When researching Family History, lots of people get stuck searching for an ancestor when their ancestor lived before 1850. Why is this? Well, 1850 was the first Census that listed every name in each household. Before that, it was only heads of the household listed, and then there were tick marks for each gender and age group in the house. So when you have a common last name, it makes it tricky to narrow down your search, and it's easy to give up.
Here are some tips for searching before 1850.
1. Marriage records. Marriage records are the earliest vital records that were kept in the US. They can be found online at Ancestry.com or FamilySearch.org, and they can also be tracked down in state archives, county clerk offices, and local churches. Some marriage records have the ages of the bride and groom, where they are from, and some even provide their parents' names!
2. Probate records. These are records that were created when people died--mostly the head of the household/land owner/homeowner. Sometimes people wrote wills, that included names of family members to help you get clues. So you could search for probate records of people with the same last name in the area you are searching. Even if they didn't have a will, there could be guardianship records if their kids were minors when they died, or administration papers recording debts to be paid. All of these will have clues of family and friends that you can follow to find more clues. There are some probate records that are searchable on Ancestry.com, but most are hidden on FamilySearch.org in a sneaky spot. I'll write on that in another post. You can also find them at the county courthouses and state or county archives.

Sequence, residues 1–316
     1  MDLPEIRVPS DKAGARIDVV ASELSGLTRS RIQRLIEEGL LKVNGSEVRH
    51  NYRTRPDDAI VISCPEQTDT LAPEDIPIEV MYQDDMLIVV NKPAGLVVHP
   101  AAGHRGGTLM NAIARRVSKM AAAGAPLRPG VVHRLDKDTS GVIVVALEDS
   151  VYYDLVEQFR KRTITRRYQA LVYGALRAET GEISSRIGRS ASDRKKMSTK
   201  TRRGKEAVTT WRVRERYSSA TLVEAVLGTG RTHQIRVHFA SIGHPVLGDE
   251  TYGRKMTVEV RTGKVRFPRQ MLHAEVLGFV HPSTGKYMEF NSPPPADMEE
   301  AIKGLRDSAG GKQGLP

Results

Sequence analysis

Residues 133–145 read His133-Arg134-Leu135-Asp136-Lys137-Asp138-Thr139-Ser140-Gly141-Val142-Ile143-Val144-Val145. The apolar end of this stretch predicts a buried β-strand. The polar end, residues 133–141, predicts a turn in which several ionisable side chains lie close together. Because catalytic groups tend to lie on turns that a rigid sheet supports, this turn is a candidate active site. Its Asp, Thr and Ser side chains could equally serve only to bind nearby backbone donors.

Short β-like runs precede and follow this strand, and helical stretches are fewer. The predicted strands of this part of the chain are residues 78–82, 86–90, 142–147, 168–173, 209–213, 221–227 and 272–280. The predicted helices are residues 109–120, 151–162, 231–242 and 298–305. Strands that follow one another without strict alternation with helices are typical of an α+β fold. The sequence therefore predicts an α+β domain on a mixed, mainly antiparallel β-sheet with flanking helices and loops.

3. Land records. These records are often overlooked. Sometimes there's no obvious clues to be found, but if you look close, there's always something helpful. The land records will outline exactly where the land is located. If it's in the East, it will be measured by metes and bounds. If it's more West, it will be in Sections and Ranges. When you find a land deed, the guarantor is the seller, and the guarantee is the buyer of the land. Often family members would buy and sell land from each other, so that could give you some clues. But if you pay attention to the piece land and see who borders it, who it's being sold to, etc. you may find the clue you're looking for.
4. Cemetery records. Hey, I love FindAGrave as much as the next gal, but if you're not looking deeper you're missing clues. When you find an ancestor buried in a cemetery, over to the right there is an option to search everyone buried in that cemetery with the same last name. Look for people buried in the same plot or area. They are most likely family members. Look for babies who might have died between census years. Look for people buried close by that may have been the parents of a distant grandmother whose maiden name you're looking for. And then, if you find anything (or nothing), contact the cemetery! Often they hold records with more information that's not available online!
There are so many ways to research ancestors before 1850. These are just a few ideas. If you need more, contact me here for a free consultation! I'm a Family History Coach, here to research WITH you.